Neurofeedback for Traumatic Brain Injury

There are approximately 1.7 million traumatic brain injuries (TBI) in the US annually. Automobile accidents and falls account for the majority of these injuries. Recently, awareness of TBI is rising because of the need for rehabilitation of some 200,000 Americans who suffered head injuries in recent military conflicts and the publicity surrounding both acute and chronic head injuries in the National Football League.

Catastrophic head injuries are easily identified, but closed head injuries are often quite subtle. Part of the problem with diagnosing brain injury is the limitation of our imaging techniques. Conventional studies such as CT scanning and MRI may not be sensitive to the microscopic level of disruption of brain anatomy. Functional imaging techniques, such as fMRI, SPECT scanning, and PET scanning, are also limited since we are able to see only static “snapshots” of brain function, and scan readings are open to interpretation.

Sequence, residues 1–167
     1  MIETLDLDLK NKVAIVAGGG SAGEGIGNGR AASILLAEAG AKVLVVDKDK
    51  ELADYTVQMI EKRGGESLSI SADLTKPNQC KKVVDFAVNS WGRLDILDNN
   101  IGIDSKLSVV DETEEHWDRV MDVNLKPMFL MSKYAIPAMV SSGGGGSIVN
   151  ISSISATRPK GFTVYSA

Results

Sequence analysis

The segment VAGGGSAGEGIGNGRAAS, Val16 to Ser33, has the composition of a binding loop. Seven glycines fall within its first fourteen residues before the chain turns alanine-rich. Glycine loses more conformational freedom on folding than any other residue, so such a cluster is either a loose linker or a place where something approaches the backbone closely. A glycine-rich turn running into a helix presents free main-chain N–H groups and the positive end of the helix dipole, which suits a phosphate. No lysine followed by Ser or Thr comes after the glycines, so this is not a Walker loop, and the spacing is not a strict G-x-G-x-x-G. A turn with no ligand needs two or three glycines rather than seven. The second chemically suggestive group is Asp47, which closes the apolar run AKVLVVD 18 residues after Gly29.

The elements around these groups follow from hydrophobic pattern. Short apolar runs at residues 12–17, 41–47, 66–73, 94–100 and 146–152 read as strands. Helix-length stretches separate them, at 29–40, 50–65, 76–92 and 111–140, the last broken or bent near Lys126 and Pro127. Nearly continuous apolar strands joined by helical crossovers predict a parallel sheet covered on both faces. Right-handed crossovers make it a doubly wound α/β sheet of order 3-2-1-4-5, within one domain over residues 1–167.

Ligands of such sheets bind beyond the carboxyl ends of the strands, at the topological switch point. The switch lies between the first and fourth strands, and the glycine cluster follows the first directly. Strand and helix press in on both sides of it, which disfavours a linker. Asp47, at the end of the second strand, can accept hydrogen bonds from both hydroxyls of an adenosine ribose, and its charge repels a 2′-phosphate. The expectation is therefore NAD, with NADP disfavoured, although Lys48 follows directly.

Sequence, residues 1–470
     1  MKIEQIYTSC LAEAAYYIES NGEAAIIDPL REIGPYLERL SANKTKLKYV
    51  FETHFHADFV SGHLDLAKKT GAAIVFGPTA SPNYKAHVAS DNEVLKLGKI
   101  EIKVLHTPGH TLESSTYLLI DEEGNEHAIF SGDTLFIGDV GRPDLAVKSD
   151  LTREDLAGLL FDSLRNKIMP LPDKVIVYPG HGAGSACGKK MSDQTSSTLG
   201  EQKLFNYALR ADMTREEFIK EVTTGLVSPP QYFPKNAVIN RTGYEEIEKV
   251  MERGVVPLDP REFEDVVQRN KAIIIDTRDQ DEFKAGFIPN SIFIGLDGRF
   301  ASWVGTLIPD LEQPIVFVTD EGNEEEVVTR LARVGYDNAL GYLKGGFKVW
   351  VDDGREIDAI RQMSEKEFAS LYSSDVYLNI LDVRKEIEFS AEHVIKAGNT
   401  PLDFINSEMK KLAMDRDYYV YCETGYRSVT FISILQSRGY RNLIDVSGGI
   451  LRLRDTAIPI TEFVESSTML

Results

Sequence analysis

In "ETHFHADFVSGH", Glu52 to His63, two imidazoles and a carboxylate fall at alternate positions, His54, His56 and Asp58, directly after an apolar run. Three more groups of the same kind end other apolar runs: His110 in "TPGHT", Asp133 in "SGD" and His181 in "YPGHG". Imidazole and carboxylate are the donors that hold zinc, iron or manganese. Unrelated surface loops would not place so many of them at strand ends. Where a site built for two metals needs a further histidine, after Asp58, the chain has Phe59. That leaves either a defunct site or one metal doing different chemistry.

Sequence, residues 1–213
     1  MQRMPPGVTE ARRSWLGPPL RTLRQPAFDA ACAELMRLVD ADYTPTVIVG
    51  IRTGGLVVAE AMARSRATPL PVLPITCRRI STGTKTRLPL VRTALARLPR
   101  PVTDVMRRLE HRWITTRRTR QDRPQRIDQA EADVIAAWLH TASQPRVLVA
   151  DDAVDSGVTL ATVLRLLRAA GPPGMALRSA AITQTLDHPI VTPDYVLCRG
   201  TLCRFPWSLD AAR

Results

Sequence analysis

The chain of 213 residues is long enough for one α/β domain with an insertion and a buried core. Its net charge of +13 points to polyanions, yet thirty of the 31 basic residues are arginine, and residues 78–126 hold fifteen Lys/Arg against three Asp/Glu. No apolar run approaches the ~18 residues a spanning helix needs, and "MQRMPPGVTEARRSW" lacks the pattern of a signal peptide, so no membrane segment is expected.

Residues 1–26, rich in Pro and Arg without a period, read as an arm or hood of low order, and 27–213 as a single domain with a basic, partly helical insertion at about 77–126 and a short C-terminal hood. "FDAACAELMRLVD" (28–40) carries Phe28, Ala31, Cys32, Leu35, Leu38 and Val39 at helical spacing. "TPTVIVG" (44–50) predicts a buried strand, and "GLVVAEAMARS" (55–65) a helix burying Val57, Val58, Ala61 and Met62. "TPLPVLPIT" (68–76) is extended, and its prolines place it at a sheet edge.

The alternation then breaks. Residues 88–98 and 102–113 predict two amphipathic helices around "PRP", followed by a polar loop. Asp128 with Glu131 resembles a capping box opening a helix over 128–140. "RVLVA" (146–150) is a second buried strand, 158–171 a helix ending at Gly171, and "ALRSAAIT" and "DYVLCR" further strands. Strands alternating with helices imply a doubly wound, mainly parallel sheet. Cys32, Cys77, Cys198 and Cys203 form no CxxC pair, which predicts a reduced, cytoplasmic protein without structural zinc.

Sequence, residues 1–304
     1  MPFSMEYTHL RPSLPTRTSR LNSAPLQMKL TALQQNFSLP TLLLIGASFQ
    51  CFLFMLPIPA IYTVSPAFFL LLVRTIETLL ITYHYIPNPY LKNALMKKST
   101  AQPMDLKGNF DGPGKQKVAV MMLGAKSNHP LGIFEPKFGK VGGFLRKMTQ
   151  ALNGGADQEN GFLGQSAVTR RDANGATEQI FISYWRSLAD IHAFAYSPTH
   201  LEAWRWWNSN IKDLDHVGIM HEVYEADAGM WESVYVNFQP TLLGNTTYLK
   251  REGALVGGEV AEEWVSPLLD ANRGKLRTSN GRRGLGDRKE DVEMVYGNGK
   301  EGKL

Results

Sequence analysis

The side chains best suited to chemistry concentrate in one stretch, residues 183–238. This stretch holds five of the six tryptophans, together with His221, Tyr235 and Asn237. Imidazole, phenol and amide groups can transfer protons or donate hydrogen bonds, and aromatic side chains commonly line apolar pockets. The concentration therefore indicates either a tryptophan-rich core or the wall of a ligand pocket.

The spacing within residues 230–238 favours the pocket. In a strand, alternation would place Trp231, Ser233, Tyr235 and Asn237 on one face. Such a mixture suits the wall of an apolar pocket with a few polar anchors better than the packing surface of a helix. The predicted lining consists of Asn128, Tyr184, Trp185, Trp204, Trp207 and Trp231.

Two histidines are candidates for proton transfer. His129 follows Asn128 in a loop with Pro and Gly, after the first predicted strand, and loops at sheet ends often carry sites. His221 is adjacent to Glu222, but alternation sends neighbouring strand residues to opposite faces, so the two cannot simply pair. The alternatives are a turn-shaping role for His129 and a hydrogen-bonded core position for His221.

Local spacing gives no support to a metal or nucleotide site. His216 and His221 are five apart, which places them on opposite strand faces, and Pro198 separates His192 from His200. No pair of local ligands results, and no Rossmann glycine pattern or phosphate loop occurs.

Even when structural disruptions of the brain are demonstrated, functional symptoms often do not closely correspond with known neuroanatomy. In fact, many symptoms of TBI, such as headache, dizziness, fatigue, cognitive deficits, anxiety, depression, irritability, mood swings, memory impairment, sleep disturbances, attention issues, and personality changes, are considered generalized and cannot be localized to a specific area of the brain.

In particular, headaches occur in about 70% of TBI and are still present in 40% of patients after 12 months. Interestingly, headaches are not correlated with the severity of the injury, but do correlate with past headache history and happen more often in female patients.